The Independent Communications Authority of South Africa’s (ICASA) council has resolved that operators should return the temporary radio frequency spectrum assigned to licensees to the authority by November 30, 2021. Omnitronics’ radio interoperability solution has been tested in a variety of operating environments.
According to the telecom’s regulator, the temporary radio frequency spectrum was first assigned by way of an expedited invitation to apply during April 2020 on the initial declaration of the National State of Disaster, which was triggered by the COVID-19 pandemic. Mobile operators have used the temporary spectrum to launch 5G networks in SA’s cities after release.
Mobile operators have been waiting for ICASA to auction spectrum for a long time. By March 31, 2021, the regulator had planned that ICASA would auction the long-awaited high-demand spectrum. On the other hand, MTN, Telkom, and Etv took the regulator to court, challenging some aspects of the auction process. Last month, the regulator stated that the ongoing spectrum litigation settlement negotiations are progressing well and with a very positive outlook.
The allocation of the high-demand spectrum in South Africa has been up in the air for years, with the most recent significant spectrum awarded 16 years ago. It is expected that the freed-up spectrum will lower data costs and increase Internet access. A spectrum auction also means more money for the government’s coffers.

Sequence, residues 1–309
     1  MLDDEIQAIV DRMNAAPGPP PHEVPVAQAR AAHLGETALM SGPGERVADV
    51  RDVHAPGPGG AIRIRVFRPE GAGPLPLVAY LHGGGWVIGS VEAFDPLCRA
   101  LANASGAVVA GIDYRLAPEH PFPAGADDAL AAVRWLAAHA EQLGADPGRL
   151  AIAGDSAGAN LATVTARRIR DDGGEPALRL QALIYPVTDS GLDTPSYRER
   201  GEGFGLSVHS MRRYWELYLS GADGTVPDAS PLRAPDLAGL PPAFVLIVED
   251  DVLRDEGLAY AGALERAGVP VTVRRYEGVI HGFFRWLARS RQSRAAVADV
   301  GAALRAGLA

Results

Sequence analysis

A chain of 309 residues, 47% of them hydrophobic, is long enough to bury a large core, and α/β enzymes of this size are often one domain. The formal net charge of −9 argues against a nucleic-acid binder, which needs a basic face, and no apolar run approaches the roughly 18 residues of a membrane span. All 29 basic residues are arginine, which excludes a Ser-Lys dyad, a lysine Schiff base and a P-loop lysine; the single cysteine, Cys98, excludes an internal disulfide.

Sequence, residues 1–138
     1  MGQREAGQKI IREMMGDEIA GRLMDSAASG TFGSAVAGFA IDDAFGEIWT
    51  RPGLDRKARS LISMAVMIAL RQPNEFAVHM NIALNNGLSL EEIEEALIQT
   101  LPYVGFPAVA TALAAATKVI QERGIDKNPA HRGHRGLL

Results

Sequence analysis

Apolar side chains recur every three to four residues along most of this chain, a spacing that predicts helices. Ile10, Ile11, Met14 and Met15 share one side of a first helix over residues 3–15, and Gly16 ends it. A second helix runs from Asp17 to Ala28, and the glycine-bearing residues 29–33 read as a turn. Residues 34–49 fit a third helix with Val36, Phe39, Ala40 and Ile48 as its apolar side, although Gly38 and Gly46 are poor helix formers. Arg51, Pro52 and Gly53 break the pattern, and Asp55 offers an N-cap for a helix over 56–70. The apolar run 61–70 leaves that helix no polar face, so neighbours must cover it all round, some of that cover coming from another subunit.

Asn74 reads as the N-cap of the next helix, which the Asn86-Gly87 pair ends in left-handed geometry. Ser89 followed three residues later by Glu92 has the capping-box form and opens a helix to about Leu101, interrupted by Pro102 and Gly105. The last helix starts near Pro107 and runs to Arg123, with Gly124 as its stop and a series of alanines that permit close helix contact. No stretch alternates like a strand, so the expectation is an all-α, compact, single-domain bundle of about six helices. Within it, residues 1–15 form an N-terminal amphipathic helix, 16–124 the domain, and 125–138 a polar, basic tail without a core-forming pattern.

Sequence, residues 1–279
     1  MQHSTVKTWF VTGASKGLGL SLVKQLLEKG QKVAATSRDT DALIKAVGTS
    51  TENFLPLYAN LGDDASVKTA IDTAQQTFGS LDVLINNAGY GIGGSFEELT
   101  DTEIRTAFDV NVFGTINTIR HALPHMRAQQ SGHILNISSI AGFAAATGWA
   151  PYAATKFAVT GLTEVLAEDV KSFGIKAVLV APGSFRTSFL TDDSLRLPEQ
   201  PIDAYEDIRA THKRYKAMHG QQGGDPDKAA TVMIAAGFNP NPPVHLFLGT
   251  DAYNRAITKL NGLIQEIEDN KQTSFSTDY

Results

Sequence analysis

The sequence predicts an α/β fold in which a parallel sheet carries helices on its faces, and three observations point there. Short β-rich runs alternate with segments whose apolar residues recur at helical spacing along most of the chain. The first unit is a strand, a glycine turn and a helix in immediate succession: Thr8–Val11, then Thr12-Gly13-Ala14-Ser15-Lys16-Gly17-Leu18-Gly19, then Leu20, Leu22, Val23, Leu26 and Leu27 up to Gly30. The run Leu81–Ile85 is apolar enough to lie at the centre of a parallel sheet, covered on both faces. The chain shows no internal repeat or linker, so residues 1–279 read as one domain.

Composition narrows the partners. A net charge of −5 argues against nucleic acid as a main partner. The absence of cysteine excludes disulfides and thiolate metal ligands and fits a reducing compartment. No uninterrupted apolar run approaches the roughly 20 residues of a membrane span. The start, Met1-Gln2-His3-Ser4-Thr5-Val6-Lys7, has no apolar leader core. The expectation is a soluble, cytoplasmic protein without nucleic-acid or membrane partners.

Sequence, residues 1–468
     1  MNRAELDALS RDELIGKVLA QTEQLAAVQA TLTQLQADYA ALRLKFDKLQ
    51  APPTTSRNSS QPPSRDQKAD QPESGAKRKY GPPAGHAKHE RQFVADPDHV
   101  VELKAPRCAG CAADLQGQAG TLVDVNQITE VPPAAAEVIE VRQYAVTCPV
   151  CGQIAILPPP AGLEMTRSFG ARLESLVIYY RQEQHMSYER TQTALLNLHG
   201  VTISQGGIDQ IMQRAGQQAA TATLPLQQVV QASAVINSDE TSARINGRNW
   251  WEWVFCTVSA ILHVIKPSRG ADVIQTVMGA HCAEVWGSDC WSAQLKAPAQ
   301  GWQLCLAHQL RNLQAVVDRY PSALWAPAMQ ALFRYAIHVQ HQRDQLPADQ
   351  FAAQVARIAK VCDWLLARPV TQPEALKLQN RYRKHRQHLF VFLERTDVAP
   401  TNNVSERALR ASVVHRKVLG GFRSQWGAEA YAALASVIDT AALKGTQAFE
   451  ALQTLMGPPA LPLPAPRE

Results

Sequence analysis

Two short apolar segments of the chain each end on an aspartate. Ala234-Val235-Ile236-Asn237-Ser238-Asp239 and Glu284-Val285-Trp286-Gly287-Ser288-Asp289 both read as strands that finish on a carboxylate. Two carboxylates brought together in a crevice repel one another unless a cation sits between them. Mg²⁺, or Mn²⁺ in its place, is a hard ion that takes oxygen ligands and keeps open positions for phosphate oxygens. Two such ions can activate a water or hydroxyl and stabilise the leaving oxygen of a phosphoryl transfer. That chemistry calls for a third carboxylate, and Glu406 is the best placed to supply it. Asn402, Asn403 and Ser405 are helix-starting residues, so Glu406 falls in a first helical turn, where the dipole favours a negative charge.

According to the authority, the temporary radio frequency spectrum assignment has been extended twice since its inception, with the most recent extension expiring on August 31, 2021. More importantly, ICASA emphasises the importance of concentrating its efforts on permanent spectrum licensing. It is, however, critical that the industry be given enough time to plan and adjust its operations, it notes.
“The authority’s interventions concerning the release of the temporary radio frequency spectrum have indeed contributed immensely to the fight against the COVID-19 pandemic and to ensuring that South Africans were, and continue to be, able to communicate during these unprecedented times,” says ICASA chairperson Dr Keabetswe Modimoeng. But, on the other hand, the authority cannot allow the temporary spectrum assignment to become permanent.”